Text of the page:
It's no lie that I love terminals. I wish I could live on a terminal and never really need to see a GUI application again.
Last night I migrated a lot of my old code from one GitLab account to another (tyrelsouza to tyrel) in an effort to clean up some of my usernames spread across the world. While doing that I noticed my django-dbfilestorage Python module that has been sitting and rotting for three years. I played around a little bit in order to port it to Python 3.9, but I ran into some base64 errors. I tried a little bit but it was late and I couldn't figure it out. My resolve is that I have been away from Python for too long so the little things - that I knew and love - had fallen away. I mentioned this to my friend Alex and he said "make a barebones github cli (readonly?) with issue viewer, and stats display". I've embarked on a journey to refresh my Python well enough to repair DBFS.
I knew I wanted to use httpx as my network client library, it's new, fast, and I have a couple friends who work on it. I started with a barebones requirements.in file, tossed in invoke, pytest, and black. From there I used pip-compile to generate my requirements.txt - (a tip I picked up recently while adding Pip-Compile support to the Tidelift CLI) and I was good to go.
The docs for the GitHub API are pretty easy to read, so I knew all I really needed to do was set my Accept header to be Version3 and I could view the schema. With the schema saved to a .json file I then wrote a GHub class to pull this data down using httpx.client.Client.get, super simple! The only two endpoints I care about right now are the user and repos endpoints, so I made two get_ functions for each. After a little bit of work - which I won't bore you with the super intricate details - I have a functional cli.py file. For now, the only interaction is a propmt from rich for a username, and then you get a fancy table (also from rich) of the first page of results of repos, stargazer/watchers/forks counts, and a description.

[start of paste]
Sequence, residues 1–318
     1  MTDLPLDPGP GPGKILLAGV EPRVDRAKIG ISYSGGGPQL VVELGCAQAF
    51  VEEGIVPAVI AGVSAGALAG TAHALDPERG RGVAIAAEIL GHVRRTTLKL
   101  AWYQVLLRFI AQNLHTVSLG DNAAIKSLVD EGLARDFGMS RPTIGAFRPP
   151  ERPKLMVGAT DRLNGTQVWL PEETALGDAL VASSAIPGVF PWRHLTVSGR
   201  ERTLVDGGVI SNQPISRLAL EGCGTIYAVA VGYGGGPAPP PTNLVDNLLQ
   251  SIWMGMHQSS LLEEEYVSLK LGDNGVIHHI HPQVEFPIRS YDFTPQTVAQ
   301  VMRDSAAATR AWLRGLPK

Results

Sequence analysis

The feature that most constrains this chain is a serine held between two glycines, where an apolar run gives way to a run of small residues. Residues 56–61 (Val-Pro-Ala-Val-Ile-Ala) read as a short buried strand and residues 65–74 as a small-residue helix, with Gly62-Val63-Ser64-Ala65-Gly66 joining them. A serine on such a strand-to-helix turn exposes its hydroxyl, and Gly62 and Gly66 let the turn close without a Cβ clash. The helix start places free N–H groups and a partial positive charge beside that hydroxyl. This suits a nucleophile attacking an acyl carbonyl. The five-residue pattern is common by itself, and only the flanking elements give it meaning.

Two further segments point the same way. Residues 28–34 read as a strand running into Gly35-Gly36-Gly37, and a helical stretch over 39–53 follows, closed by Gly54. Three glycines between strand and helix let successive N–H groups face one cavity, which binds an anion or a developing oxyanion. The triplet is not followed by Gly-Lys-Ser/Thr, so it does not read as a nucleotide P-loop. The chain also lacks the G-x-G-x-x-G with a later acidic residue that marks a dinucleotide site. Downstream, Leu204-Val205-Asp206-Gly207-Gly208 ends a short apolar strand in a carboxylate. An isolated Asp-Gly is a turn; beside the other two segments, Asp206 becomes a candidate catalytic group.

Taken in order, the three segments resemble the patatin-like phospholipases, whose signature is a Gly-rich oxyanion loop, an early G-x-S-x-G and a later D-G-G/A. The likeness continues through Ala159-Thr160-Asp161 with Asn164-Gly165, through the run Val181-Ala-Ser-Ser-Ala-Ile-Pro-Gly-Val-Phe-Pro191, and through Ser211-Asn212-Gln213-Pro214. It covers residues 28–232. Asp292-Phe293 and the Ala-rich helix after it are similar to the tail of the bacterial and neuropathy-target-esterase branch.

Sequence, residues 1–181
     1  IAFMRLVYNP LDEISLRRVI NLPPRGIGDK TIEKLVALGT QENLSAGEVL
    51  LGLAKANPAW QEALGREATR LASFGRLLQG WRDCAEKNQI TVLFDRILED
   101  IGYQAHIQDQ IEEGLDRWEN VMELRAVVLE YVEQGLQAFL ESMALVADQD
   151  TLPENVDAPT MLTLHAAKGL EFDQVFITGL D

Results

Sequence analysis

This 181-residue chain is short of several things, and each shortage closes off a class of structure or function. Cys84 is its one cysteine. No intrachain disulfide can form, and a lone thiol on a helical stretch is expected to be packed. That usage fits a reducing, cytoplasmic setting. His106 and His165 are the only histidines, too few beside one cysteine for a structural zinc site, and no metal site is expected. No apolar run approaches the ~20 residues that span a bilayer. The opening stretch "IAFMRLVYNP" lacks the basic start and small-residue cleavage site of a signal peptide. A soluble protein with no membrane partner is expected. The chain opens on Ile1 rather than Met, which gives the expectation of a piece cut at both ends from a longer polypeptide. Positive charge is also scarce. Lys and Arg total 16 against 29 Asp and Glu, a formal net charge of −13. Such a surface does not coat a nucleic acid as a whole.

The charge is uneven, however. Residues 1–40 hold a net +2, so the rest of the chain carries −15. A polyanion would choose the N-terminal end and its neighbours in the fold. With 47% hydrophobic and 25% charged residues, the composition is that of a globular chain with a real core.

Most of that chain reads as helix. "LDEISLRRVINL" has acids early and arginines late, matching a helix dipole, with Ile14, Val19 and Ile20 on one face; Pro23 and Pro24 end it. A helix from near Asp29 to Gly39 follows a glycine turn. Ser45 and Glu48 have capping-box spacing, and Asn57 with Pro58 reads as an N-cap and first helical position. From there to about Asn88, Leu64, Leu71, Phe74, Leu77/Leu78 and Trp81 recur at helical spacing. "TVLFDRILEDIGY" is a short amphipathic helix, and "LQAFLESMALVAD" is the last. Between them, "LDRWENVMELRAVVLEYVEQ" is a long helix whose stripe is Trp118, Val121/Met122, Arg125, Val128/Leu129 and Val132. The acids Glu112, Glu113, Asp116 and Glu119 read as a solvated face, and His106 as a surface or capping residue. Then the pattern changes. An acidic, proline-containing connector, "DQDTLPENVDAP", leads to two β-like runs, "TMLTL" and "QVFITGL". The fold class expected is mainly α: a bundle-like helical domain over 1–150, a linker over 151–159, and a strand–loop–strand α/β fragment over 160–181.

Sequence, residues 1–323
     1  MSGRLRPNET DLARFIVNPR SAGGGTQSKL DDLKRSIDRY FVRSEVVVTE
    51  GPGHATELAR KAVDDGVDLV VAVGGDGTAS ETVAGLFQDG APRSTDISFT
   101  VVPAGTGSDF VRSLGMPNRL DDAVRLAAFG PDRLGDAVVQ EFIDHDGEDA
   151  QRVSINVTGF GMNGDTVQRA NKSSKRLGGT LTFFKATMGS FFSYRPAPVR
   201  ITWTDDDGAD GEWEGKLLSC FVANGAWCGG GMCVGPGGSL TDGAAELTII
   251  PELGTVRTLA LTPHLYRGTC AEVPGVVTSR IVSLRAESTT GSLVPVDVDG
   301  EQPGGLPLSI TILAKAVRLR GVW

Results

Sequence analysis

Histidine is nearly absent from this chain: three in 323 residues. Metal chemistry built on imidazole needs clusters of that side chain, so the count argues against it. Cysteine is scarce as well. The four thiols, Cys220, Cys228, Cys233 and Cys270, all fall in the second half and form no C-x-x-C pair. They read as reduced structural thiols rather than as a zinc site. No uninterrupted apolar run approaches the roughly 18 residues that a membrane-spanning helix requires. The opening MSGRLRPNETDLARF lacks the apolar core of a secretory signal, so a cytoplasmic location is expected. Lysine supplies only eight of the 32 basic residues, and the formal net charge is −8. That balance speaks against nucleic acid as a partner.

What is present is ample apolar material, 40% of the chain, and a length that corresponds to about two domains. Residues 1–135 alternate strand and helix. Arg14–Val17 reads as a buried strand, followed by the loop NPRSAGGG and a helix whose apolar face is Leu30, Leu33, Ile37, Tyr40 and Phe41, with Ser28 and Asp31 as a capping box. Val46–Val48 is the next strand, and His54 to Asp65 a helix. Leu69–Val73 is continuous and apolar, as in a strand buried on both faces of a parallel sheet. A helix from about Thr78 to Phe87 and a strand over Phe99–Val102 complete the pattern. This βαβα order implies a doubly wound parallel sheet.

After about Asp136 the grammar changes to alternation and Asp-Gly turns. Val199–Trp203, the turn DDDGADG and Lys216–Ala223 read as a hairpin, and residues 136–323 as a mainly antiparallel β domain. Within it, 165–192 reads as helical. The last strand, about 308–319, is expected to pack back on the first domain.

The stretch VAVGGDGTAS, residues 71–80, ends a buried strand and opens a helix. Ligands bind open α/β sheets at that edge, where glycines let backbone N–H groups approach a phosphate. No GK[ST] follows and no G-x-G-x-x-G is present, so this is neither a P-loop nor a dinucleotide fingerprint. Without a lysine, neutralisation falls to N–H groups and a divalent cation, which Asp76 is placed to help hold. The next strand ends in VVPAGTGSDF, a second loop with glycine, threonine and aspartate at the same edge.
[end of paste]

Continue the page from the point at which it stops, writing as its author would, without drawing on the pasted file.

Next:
It was a fun evening of learning what's changed in Python3 since I last touched it, especially as I've spent the majority of my career in Python2.7. Type annotations are super awesome. I'll probably pick it up again once I get some more free time later in the week. It's also nice blog fodder! I already have a million things I want to do next - pagination, caching, some more interaction.
I know the tool I'm writing is nothing special, especially with their own cli now, but I'm not looking at reinventing the wheel!
Check out the code so far on my GitLab (heh, ironic it's there).